For more than a decade, Northern Arizona University’s Indigenous Youth Media Workshop has taught Native American high school students the ins and outs of broadcast media and journalism. Now, thanks to a $616,000 grant from the Scripps Family Impact Fund (SFIF), the workshop is growing in 2024 for an even greater impact.
The program, rooted in empowering Indigenous high school students to be a positive change in their communities, started in 2012 in memory of Andy Harvey, NAU journalism alumnus and multimedia reporter, through seed money from the Arizona Broadcasters Association. It’s an important piece of NAU’s efforts to promote and support Indigenous students and communities as the university becomes the nation’s leading university serving Indigenous people.
“My goal was to host a workshop for Indigenous students, but the impact over the years is why I continue to stay involved,” said Paul Helford, professor in the School of Communication. “The generous gift from SFIF means we can now grow the workshop, guarantee that it will continue and use it as a foundation for building additional donations and funding opportunities.”
The workshop takes place for a week each summer on NAU’s Flagstaff Mountain Campus. Helford and fellow communication professor Rachel Cox are the driving force behind the workshop and curriculum, ensuring students are taught the tools and skills of multimedia broadcast journalism and the essentials for crafting engaging multimedia news stories through an Indigenous-focused lens.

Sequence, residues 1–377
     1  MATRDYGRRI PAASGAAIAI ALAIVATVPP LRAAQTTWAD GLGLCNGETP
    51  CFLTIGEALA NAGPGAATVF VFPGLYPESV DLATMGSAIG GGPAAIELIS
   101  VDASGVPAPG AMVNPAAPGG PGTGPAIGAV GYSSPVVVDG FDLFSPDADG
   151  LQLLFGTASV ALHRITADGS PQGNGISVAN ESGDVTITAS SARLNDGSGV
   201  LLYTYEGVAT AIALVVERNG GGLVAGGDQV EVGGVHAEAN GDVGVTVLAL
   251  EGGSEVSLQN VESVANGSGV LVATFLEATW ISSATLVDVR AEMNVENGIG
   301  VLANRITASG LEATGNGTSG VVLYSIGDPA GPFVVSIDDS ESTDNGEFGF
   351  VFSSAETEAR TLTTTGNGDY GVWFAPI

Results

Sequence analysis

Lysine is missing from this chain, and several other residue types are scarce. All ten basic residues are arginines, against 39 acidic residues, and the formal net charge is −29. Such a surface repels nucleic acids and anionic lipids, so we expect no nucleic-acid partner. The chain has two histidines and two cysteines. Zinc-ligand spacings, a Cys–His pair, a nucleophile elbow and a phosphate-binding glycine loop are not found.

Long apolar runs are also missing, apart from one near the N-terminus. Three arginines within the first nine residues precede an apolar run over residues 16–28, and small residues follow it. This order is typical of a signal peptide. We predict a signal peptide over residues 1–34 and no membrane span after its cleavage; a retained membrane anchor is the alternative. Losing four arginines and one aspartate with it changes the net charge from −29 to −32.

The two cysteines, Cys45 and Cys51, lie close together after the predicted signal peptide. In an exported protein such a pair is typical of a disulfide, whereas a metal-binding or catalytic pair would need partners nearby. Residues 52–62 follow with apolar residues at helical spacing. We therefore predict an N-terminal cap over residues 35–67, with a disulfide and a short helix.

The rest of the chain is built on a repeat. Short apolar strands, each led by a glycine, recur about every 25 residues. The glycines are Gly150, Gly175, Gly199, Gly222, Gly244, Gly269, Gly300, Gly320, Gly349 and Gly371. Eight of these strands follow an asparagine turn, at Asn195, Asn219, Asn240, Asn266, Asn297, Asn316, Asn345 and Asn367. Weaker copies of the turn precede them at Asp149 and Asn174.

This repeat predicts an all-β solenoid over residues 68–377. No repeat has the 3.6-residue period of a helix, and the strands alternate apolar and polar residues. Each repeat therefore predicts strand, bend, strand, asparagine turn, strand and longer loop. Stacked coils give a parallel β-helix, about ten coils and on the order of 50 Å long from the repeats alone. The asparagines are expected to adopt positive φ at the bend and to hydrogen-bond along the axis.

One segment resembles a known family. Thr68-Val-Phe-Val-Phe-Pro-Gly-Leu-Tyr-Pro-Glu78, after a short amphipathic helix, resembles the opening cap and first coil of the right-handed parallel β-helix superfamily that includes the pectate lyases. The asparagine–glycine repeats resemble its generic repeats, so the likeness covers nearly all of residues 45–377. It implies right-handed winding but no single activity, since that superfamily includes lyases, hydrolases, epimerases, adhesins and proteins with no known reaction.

The workshop teaches elemental composition by filming with their smartphones, enabling students to be media makers in their community and leverage storytelling with equipment readily available to them. The students then advance to using professional video journalism equipment throughout the week, building on the curriculum from the day before, and gaining confidence in interviewing and research skills while building camaraderie with their peers. The workshop culminates in a live broadcast show showcasing their hard work and experience that is produced in the School of Communication’s Media Innovation Center.
One theme woven throughout the week is the integration of Indigenous traditions and mentors. Helford and Cox work with Indigenous industry experts and workshop alums to come and share their experiences, career opportunities and trades. Students also are introduced to NAU and college life. By visiting places on campus like the Native American Cultural Center, they experience spaces welcoming to Indigenous students.
Thanks to SFIF, the workshop will expand in 2024 to impact more students. In 2023, 115 students applied for the workshop, and only 25 were accepted. Now, the program will increase to 30 students and expand from six to 11 days. This allows for additional studio prep and production days. High school students can apply for the next workshop beginning in February 2024.
Since its inception, the workshop has impacted the lives of 200 Native American students. To continue this momentum and support future Indigenous broadcast media and journalism students, visit the NAU Foundation website.